A “Tense” Meeting



The Past, The Present, and The Future
walk into a Bar.
It was tense.”
— A very old, ungrammatical, grammar joke

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The Past and The Present Walk Into a Bar – Their Companion Is Late

I’m sitting at my usual barstool at The Flying Pig, a friendly bistro in San Francisco’s Mission District, sipping a Sonoma County Zinfandel and enjoying my usual BLT (on Focaccia with extra bacon), when two people walk in and take two of the stools at the end of the bar to my left.  The guy appears to be in his late fifties wearing dress pants, a sport coat, a vest, and a fedora.  His companion, perhaps in her thirties, is wearing casual slacks, a scarf, and a sweater.  He places his hat on the bar, looks around and confirms, “Yep, she’s not here yet.  As usual, with her, it’s easier to settle on the place to meet; but the time is often a problem for her.”  His companion agrees. “That’s the trouble with ‘The Future,’ ” she said;  “She usually arrives later than we expect.”

The bartender greets them with his usual enthusiasm “Welcome to The Flying Pig.  My name’s Will.  I’m glad you could visit us.  Can I pour you something?  We have some very interesting choices!”  After listing some of their most recent acquisitions — the latest up-to-date local craft beers — she orders a 2019 Founders IPA and, after some discussion, he orders a 2012 Napa Valley Cabernet.

I can’t help overhearing their comments about the companion they were waiting for.  The gentleman says, “Sure would be nice knowing what to expect from her.  I mean, she’s not always a surprise; but we just never know until he shows up, you know?”

His companion agrees.  “Right, I know she’s from “The Future” and all; but I think she gets it wrong most of the time.  Some of the things she has told me about … you know, ‘The Future,’ are just not believable.  Others have just not turned out the way she warned.  Last time we got together she had told me she was going to take a taxi, but she ended up arriving in something that didn’t even have a …”  William interrupts and brings their drinks and a menu, “You were right, sir, about that Cabernet.  It was very popular in its day and I’m surprised we still have some.  It was hidden behind something … uh … more recent. Hasn’t been much call for it lately.  Our French Dip would go well with it, as would the Classic Roast Beef Sandwich.  And, of course, everything goes well with your IPA, … uh …  ma’am.“

“They call me Alpha.  He’s Janus.”  She whispers to Will, “I call him ‘Tom.’  “T” “O” “M”  That’s short for ‘The Old Man’ .”

“Uh … of course.”

Janus (aka “Tom”): “I’ll have the French Dip on sourdough.  It was excellent last time.”

Alpha:  “Have you been here before?  I didn’t know that.”

Janus: “Just a few years ago … This place has been here for quite some time.  Actually, my memory of this neighborhood goes back to the thirties.  I was here with an Italian guy named Vince — a ballplayer with the Seals in the Pacific Coast League.  He had his younger brother, Joe, with him.  The ballpark was just a few blocks from here at 16th and Bryant.  Believe it or not, in those days, it was hard to find a place to get a drink around here.”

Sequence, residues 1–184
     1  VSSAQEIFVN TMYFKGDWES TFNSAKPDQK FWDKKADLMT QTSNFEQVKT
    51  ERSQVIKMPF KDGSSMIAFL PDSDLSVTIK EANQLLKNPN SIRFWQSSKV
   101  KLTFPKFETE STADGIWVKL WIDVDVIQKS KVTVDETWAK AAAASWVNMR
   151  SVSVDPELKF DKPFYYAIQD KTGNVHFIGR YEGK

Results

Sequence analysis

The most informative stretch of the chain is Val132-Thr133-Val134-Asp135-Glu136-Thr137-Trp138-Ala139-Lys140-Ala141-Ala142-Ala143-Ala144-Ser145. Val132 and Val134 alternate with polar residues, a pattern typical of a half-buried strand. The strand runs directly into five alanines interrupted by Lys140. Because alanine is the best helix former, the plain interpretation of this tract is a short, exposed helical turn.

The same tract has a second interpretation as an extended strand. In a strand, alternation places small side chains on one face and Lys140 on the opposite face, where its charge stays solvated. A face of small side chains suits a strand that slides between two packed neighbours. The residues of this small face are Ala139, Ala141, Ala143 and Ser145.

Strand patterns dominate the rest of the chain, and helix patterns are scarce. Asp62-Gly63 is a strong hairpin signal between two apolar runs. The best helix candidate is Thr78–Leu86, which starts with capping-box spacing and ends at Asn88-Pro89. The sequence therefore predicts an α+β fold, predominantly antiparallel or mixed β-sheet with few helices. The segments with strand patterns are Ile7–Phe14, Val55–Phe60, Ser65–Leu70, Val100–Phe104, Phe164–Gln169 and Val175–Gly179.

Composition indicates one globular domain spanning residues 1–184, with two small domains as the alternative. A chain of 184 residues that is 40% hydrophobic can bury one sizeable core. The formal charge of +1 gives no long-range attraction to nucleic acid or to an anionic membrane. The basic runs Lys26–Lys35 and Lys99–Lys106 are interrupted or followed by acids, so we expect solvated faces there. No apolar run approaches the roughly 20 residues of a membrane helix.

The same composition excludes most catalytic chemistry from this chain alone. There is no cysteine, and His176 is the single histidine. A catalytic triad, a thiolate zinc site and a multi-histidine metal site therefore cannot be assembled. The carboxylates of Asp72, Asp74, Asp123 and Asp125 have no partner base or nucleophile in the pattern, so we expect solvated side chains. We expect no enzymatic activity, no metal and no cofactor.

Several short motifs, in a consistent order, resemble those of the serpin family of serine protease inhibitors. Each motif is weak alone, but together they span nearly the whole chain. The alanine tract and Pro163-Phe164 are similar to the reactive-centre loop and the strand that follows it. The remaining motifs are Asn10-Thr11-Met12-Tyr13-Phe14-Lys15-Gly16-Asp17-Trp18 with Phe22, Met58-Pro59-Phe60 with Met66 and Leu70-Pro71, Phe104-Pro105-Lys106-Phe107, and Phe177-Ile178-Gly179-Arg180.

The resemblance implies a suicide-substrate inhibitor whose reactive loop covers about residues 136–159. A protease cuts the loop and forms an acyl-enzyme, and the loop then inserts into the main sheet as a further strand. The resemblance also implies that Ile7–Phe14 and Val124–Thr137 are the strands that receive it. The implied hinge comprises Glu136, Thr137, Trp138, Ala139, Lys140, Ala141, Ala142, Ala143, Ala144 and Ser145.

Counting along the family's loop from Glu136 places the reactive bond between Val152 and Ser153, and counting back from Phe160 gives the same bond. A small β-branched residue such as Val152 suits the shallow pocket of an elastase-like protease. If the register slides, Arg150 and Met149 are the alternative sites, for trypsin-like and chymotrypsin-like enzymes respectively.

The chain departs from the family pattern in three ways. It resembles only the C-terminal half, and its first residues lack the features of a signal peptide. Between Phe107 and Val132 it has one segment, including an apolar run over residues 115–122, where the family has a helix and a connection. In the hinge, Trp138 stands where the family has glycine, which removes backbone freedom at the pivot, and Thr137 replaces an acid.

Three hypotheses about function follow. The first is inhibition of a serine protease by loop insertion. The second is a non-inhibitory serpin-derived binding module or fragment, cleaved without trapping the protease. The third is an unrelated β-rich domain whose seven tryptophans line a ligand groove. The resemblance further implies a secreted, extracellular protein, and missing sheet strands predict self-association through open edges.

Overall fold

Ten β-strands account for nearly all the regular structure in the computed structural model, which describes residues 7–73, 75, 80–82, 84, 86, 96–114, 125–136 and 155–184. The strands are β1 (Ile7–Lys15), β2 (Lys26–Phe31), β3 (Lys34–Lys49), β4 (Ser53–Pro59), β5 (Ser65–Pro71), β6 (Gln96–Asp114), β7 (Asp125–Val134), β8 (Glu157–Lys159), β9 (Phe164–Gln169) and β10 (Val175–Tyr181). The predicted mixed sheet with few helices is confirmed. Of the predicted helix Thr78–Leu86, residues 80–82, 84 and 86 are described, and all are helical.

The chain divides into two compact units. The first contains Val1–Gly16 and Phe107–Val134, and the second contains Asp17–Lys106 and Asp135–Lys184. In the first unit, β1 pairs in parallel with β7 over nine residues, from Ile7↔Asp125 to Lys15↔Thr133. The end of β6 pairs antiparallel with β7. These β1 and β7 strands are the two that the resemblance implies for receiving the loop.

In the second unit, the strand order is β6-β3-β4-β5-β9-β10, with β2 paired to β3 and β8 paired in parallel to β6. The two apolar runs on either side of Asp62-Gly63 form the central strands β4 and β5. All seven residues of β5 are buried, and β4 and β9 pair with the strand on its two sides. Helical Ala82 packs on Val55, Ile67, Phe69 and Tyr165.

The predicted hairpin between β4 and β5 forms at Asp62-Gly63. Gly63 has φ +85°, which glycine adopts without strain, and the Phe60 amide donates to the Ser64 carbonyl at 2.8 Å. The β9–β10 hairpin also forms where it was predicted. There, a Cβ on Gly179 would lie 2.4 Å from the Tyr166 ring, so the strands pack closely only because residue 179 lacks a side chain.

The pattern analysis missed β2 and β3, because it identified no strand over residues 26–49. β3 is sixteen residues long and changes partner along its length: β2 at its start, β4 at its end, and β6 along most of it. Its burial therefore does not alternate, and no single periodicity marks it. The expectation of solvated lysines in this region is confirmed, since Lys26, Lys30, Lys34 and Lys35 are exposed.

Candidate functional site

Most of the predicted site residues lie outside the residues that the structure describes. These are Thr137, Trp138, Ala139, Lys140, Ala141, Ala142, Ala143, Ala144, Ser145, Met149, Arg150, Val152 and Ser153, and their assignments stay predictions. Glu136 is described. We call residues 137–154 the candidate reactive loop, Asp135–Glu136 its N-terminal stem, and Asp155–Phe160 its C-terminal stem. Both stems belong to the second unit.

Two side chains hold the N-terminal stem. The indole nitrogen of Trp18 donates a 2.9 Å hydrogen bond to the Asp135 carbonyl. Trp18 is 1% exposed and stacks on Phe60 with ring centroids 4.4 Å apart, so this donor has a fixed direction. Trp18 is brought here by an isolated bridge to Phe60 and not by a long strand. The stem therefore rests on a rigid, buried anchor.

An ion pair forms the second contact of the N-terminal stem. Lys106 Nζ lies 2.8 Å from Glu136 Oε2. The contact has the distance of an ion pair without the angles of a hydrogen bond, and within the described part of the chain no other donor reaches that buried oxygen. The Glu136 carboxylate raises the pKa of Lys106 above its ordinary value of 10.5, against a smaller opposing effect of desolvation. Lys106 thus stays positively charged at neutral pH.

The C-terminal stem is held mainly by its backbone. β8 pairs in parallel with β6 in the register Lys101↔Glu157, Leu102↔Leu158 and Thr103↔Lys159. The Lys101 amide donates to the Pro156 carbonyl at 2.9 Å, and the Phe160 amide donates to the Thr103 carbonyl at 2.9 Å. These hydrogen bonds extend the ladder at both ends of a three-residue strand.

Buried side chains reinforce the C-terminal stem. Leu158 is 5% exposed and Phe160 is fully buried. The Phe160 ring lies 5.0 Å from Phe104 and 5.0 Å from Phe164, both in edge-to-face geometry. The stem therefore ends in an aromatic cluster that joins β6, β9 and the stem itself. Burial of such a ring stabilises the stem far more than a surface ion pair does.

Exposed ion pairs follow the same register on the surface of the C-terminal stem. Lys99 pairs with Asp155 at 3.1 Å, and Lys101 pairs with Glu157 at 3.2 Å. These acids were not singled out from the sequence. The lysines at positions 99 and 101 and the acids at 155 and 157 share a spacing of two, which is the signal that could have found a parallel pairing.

Alpha: “You’re not gonna tells us that ‘DiMaggio’ story again are you?”

Janus: “Apparently not.”

Will:  “And Alpha, what can I bring you?”

Alpha: “If the ingredients are fresh, I’ll have a salad — romaine, cherry tomatoes, perhaps an avocado, a little parmesan, olive oil, and a little vinegar.  I can taste the ‘fresh’.”

Will: “Coming right up.”

Just then, a tall confident woman walks in and both Janus and Alpha say, in unison, “Well it’s about time.”  Alpha: “We’d just about given up on you — ordered lunch already.  Where’ve you been?”  PapaDan notices the clock on the wall says 12:30 pm.

Cassie (sarcastically):  “Nice to see you, too.  You haven’t changed a bit.”  She takes the barstool at the end of the bar next to Janus and ignores Alpha’s question.

Alpha takes charge of introductions.  “This is Cassandra — Cassie.  That’s Will and Ben behind the bar and this (she pointed to me, apparently aware that I had been eavesdropping) … I didn’t catch your name.”

PapaDan (just a little embarrassed): “Around here, they call me PapaDan.  Pleased to meet you.”

Alpha (to Ben and Will behind the bar): “So, when’s the last time you had The Past, The Present, AND The Future here at  … what’s this place called  … ?  The Flying something, right?”

Ben: “The Flying Pig.  Uh, Cassie, can I bring you something?”

Cassie: “Is there a special today?”

Ben:  “Yes, actually the chef is trying something new today, not sure what’s in it or what he’s calling it, but it probably has … ”